2015-2016 Neff Entrepreneurial Intern Fellow
How did you find the position?
MBACM job positing on CareerPath
What was your motivation for working at a startup over the summer?
1. Wanted to have a tangible impact in a short duration over the summer
2. Wanted to gain experience to leverage for my own start-up in the future
What advice would you give to students interested in working at a startup this summer?
Don’t be shy to reach out to random people in or outside your network. And know the startup well enough to pitch a role you think they’d need help on and you’d want to work on
How to get the offer:
Startup recruiting is so much more different than traditional consulting / banking recruiting. A few tips and pointers as follows:
1. Think about what types of startups you want to work for. If you have no clue, find a list of startups out there, read about them, and reflect on how you feel after reading about each one. You’ll see that you’ll get much more excited about some vs others, and then you’ll start noticing a pattern which will essentially be you discovering about your own interests. A good list you can use is the latest Y-Combinator graduating class as they have a very diverse bunch of companies.
2. Think about all the other filters you’d want to have e.g. size of startup and geography. Then, after quite a bit of research jot down the top 10 startups you’d want to work for
3. After defining the 10 startups, fill out a table where each row is 1 of the 10 startups, and the columns are the following: Name of startup; High level description; 3 main reasons I’d want to work there; 4 things the startup may have the opportunity for me to do there; 2 things (selected out of the 4) that I’d be passionate to do there; what is the previous experience that I have that shows I am well equipped to succeed if the startup hired me for each of those 2 roles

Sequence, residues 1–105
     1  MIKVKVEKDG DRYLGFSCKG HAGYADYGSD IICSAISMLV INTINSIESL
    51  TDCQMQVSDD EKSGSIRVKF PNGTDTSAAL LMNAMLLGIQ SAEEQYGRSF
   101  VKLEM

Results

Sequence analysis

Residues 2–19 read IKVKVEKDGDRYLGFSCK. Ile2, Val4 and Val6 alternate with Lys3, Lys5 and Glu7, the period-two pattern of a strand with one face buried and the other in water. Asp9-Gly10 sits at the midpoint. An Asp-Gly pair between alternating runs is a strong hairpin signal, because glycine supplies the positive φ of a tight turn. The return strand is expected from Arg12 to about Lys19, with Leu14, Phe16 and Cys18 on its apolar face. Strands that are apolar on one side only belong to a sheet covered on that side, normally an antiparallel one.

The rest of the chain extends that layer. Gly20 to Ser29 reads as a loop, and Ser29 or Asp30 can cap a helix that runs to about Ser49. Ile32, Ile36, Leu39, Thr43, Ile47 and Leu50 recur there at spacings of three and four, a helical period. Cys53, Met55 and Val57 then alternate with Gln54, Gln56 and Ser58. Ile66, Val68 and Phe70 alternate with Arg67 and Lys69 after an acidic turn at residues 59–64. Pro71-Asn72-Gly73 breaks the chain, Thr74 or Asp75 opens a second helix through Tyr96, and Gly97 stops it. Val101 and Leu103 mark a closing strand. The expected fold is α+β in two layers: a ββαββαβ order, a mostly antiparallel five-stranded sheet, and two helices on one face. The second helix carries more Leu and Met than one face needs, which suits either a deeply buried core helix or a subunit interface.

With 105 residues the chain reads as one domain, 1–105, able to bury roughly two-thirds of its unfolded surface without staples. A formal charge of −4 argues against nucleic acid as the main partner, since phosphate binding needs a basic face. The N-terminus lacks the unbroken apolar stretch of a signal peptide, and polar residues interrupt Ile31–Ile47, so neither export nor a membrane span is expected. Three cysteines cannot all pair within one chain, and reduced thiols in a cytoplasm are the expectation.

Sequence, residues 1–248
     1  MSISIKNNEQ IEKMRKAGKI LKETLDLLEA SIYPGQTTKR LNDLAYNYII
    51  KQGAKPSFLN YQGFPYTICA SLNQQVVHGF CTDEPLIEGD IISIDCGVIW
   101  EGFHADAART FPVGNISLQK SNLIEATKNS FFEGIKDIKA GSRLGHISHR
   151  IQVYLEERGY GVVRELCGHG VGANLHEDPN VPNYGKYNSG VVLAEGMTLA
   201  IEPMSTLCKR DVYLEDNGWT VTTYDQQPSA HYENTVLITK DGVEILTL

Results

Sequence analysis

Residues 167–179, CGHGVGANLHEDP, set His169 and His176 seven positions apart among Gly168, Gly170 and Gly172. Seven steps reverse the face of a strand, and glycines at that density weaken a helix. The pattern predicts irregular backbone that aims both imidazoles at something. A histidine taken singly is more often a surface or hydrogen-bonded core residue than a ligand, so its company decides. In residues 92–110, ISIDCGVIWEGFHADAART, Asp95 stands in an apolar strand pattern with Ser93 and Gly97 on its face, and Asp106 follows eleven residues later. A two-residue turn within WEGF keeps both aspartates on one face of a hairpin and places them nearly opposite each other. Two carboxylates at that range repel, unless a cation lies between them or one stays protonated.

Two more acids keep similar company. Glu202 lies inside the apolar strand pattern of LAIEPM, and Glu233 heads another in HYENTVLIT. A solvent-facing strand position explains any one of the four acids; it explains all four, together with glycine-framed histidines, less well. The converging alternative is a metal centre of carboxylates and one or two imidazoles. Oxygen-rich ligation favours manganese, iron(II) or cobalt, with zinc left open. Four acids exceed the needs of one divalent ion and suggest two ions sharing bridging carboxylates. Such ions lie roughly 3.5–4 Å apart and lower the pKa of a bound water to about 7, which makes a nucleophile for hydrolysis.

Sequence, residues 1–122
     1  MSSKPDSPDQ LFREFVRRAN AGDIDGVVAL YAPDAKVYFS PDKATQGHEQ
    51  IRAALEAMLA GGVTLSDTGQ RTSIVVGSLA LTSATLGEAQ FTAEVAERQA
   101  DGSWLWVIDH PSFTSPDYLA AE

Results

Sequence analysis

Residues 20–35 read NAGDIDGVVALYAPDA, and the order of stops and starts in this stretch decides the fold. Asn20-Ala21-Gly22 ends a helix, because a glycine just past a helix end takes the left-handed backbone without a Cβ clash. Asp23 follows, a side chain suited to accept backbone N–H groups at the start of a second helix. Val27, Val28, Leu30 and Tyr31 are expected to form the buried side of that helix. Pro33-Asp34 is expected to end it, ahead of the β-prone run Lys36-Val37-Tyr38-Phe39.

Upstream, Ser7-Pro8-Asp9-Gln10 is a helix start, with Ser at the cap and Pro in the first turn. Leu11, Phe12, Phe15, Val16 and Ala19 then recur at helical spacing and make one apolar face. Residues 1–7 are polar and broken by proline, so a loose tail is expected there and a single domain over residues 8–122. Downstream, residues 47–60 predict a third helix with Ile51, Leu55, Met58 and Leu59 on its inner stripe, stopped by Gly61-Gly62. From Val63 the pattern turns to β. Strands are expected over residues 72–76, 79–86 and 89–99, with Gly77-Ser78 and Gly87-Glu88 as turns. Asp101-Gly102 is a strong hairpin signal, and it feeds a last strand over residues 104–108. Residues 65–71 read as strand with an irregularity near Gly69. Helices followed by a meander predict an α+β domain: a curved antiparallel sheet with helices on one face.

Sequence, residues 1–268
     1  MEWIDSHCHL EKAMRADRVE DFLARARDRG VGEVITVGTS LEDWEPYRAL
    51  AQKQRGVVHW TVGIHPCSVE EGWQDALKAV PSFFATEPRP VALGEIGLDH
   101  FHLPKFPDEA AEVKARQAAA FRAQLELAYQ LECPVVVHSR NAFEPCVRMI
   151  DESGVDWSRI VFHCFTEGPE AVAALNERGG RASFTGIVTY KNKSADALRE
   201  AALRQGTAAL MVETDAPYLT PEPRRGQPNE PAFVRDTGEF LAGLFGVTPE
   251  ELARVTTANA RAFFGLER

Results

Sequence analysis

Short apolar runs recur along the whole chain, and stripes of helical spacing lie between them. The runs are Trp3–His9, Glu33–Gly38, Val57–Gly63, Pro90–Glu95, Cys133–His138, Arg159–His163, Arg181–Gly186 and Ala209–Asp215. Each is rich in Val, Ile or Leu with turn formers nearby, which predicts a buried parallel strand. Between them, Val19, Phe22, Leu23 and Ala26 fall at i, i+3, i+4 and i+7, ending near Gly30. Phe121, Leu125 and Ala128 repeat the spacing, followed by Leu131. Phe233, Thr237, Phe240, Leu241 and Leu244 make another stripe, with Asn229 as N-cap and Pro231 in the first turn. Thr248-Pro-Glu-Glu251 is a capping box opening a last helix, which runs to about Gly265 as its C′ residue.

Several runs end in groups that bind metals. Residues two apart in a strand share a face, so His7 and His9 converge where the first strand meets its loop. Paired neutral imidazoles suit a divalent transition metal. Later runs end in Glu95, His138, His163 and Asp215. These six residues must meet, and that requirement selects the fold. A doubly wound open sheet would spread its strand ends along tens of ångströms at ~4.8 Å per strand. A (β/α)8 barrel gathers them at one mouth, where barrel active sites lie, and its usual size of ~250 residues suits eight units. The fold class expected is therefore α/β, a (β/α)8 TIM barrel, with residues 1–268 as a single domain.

4. Now comes the outreach part – abuse every single resource you can from the MBACM, to Spike, to LinkedIn connections, to Facebook connections, etc.… Have well drafted emails following every rule the MBACM teaches you – they work like magic
5. Startup interviews aren’t hard – they’re basically: “tell me a bit about yourself”, “what would you want to work on here”, “why would you be a good fit to work on that”. Note: startup interviews are MUCH more informal than all other interviews. It’ll feel like a chat but you still have to pitch yourself to them
What I did during my internship:
I was working for Helix Sleep, an e-commerce mattress brand primarily doing the following:
– Owned Helix Sleep’s prelaunch referral campaign (e.g. working with developers and designers to develop the campaign micro-site) where participants were incentivized to share about Helix Sleep’s upcoming launch by receiving discounts on Helix Sleep products; campaign gathered 40,000 emails with an estimated revenue potential of $360,000
– Led process development for hiring for various positions (e.g. stage gates, JDs, interview exercises /
questions, etc.…) resulting in the company’s first hire for the Director of Customer Experience position
What I learned from my internship (3 things):
– Having a founding team that’s well-functioning and with complimentary skillsets is really key to the
success of the startup
– Being in an environment where you feel the startup energy is just sensational and makes you believe
that you can actually build a successful startup yourself. Helix Sleep was working out of a WeWork office
at the time, so the atmosphere was great!
– Building a successful startup is all about attitude – the attitude with which you strive to get what you need, the attitude with which you deal with both the ups and the downs of the business, and the
attitude with which you deal with your colleagues and accept their mistakes